We appreciate Drs Windecker and Seiler’s insightful comments on our article. They are concerned about some discrepancies in the numbers presented in Tables 2 and 4.R1 We are sure that they realize that the Global Utilization of Streptokinase and Tissue plasminogen activator for Occluded coronary arteries (GUSTO I) study was not designed to assess the relevance of different types of sustained ventricular arrhythmias during the acute and late phases of myocardial infarction. Table 2 includes all patients who had ventricular tachycardia (VT), ventricular fibrillation, or both. In the subanalysis for early versus late occurrence, many of the late cases were lost because information about the late occurrence of VT was not mandatory. Discrimination between early and late onset was also dependent on the voluntary report of the time of onset of the arrhythmia and the need for cardioversion for termination, which had to be included in the patient profile. If one considers that the majority of cases of early VT required electrical cardioversion for termination, it is conceivable that the mortality of such cases is higher than the mortality of cases with a late onset. Indeed, a preliminary report from our group showed a higher mortality in patients with VT who required cardioversion versus those who did not.R2
Close attention to the 1-year mortality of 30-day survivors in Tables 2 and 4 demonstrates an absolute similarity in the percentages reported. This should dissipate concerns that we may be looking at selected patients who are not representative of the overall groups with early or late VT.
Drs Windecker and Seidel also think that there is a discrepancy between the study of Heidüchel et al,R3 which showed reperfusion in VT patients, and our study, which showed an overall similar TIMI flow among the ventricular arrhythmia groups. We do not think that the study of Heidüchel et al is adequately powered to speculate on reperfusion as a discriminating feature between VT and ventricular fibrillation. The number of patients in this study is far too small, and the angiographic data was obtained between 10 and 14 days after thrombolytic therapy. However, Heidüchel et al considered VT, either early or late, as an expression of a more stable substrate. TIMI flow in the “arrhythmia” groups compared with the “no arrhythmia” patients seems to support this concept because it shows a higher incidence of complete occlusion in the group with arrhythmia, even when the analysis was performed before the occurrence of the arrhythmia. This may not have been absolutely clear in our article.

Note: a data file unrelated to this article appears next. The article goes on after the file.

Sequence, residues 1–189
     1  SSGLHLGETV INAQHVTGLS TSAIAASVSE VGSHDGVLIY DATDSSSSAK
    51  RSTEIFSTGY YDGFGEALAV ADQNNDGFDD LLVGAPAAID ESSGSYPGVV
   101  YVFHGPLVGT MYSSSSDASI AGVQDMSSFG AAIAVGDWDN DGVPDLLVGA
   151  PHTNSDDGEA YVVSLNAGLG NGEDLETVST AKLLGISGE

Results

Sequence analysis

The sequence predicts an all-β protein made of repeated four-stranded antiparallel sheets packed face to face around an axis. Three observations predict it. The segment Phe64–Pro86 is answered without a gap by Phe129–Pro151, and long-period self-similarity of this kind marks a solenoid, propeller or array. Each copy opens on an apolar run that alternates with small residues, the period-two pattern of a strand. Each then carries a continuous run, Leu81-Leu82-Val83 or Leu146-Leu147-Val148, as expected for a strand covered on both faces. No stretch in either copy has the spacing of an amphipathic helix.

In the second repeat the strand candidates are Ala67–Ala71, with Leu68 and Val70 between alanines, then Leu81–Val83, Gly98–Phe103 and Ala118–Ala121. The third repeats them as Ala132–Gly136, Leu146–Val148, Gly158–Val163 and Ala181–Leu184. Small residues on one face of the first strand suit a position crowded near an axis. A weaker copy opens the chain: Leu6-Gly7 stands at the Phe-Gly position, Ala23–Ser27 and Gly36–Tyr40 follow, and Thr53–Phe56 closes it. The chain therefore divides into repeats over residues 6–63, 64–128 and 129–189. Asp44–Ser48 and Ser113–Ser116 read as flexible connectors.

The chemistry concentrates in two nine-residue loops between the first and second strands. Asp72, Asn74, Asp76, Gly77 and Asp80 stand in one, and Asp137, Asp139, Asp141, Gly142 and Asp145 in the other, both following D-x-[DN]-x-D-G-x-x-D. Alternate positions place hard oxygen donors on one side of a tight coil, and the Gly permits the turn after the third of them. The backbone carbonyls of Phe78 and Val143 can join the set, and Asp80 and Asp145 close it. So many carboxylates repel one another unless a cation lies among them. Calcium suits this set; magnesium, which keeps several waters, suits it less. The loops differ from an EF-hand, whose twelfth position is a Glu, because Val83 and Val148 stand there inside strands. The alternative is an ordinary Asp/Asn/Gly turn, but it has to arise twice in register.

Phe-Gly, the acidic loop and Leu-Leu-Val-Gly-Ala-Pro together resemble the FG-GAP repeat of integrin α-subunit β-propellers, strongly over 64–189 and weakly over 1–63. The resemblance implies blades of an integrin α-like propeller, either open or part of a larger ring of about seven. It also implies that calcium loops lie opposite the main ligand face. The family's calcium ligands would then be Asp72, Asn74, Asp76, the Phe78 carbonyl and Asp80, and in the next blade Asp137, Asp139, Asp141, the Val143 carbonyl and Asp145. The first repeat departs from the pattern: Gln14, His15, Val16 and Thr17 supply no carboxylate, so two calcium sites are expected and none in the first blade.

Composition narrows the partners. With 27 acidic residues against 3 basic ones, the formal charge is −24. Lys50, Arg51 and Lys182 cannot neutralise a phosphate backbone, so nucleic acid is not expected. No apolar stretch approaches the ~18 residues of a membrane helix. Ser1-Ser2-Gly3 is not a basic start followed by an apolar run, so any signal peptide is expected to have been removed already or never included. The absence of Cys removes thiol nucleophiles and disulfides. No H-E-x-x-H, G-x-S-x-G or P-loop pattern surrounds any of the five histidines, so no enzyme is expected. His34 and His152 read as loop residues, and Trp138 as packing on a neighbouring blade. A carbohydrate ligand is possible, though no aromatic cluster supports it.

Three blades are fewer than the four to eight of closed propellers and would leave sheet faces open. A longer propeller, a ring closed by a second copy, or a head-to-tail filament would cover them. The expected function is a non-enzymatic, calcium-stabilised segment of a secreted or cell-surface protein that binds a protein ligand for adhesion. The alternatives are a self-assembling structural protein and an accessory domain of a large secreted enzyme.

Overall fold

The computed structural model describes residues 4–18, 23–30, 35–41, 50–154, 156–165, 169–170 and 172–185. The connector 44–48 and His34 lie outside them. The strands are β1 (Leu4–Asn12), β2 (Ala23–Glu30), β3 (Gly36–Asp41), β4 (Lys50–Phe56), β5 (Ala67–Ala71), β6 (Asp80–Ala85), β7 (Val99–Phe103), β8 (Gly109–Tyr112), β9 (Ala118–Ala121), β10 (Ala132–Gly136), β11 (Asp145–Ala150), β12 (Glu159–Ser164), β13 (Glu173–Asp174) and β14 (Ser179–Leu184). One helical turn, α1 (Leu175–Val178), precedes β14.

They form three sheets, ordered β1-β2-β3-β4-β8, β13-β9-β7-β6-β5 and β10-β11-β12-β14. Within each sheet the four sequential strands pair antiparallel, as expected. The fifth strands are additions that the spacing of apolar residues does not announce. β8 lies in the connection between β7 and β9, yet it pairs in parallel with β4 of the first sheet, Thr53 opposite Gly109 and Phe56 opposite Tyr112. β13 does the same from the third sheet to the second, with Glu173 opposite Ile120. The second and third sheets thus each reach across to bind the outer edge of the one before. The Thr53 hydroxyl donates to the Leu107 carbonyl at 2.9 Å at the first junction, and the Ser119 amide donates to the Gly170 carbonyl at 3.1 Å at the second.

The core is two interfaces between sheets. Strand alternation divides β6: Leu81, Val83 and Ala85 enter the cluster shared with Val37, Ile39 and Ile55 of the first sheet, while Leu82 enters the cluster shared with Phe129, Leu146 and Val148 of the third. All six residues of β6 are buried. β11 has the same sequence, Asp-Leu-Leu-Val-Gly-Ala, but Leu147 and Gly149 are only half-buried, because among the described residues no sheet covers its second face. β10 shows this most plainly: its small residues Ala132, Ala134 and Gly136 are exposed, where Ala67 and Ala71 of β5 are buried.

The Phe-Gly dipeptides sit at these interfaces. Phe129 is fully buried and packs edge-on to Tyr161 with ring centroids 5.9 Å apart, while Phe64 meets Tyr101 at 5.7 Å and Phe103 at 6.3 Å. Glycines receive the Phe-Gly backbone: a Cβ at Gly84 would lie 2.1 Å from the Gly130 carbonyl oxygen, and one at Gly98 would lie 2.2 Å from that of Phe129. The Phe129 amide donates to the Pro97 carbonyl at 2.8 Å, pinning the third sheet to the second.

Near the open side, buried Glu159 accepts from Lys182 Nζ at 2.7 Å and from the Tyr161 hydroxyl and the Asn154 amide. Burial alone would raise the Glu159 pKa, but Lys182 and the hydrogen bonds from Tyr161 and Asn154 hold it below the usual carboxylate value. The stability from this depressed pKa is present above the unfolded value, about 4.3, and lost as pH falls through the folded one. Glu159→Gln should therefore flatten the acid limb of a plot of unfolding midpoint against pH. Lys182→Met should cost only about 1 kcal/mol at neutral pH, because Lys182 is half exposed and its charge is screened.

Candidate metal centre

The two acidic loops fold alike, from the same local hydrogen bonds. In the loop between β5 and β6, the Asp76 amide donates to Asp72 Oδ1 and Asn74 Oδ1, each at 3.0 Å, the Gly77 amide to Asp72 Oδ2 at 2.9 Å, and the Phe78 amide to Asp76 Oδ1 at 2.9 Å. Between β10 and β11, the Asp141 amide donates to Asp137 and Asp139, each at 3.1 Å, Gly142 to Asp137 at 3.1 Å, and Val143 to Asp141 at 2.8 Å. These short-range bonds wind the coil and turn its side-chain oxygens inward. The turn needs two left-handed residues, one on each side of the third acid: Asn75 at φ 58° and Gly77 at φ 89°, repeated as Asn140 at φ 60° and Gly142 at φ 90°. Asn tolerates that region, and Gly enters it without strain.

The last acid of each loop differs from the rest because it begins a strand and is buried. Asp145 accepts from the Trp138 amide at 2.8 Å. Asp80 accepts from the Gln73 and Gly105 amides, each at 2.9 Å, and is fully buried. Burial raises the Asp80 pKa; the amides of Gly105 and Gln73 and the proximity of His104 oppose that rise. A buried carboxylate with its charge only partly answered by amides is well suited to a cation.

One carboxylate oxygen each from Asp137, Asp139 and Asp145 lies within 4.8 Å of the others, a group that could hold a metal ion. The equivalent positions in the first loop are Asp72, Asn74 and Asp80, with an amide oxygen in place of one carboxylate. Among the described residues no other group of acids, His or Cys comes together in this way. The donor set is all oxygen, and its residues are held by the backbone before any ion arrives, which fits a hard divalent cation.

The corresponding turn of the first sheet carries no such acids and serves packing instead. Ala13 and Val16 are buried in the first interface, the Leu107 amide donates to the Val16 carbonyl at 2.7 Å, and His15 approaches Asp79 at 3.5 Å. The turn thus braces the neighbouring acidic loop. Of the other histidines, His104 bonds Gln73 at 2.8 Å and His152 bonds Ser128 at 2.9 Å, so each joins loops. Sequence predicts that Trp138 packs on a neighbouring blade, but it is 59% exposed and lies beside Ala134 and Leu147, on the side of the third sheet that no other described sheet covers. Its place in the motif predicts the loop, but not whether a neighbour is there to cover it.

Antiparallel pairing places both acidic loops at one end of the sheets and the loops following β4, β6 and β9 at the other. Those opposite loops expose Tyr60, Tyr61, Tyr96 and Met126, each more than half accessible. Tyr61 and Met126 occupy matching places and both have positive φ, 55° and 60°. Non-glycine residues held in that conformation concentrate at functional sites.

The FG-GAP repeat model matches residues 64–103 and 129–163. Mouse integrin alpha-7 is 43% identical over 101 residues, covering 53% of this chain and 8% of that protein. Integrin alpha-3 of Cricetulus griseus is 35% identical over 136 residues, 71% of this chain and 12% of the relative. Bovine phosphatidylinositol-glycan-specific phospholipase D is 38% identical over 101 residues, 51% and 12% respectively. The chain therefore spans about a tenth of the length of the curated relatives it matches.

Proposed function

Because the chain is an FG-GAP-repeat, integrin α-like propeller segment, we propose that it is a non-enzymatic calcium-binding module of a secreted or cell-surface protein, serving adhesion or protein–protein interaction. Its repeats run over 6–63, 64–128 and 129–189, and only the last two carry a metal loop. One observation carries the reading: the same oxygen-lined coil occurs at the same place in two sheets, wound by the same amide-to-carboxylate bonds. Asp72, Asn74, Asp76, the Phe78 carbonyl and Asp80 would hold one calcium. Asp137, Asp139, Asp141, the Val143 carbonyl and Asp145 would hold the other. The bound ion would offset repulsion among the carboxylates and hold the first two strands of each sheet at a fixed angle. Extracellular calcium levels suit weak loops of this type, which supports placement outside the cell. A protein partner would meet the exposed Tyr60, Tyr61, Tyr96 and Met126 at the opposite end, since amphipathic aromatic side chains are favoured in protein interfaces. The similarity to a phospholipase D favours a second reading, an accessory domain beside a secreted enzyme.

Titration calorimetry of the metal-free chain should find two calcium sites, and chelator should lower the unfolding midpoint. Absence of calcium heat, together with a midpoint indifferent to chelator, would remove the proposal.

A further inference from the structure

We hope this reply answers Drs Windecker and Seidel’s concerns about the validity of our preliminary observation, which certainly needs to be confirmed in a prospective study. Again, even if some inevitable selection is present in our population, one cannot deny or ignore that patients with early VT have a 1 year mortality higher than that observed in the group without arrhythmia.
Newby KH, Thompson T, Stebbins A, et al, for the GUSTO Investigators. Sustained ventricular arrhythmias in patients receiving thrombolytic therapy: incidence and outcomes. Circulation. 1998;98:2567–2573.
Natale A, Thompson T, Sgarbossa E, et al. Different outcome of patients with sustained monomorphic ventricular tachycardia requiring cardioversion during acute myocardial infarction: analysis in the GUSTO I study. J Am Coll Cardiol. 1998;31:2.
Heidüchel H, Tack J, Vanneste L, et al. Significance of arrhythmias during the first 24 hours of acute myocardial infarction treated with alteplase and effect of early administration of a β-blocker or a bradycardiac agent on their incidence. Circulation.. 1994;89:1051–1059.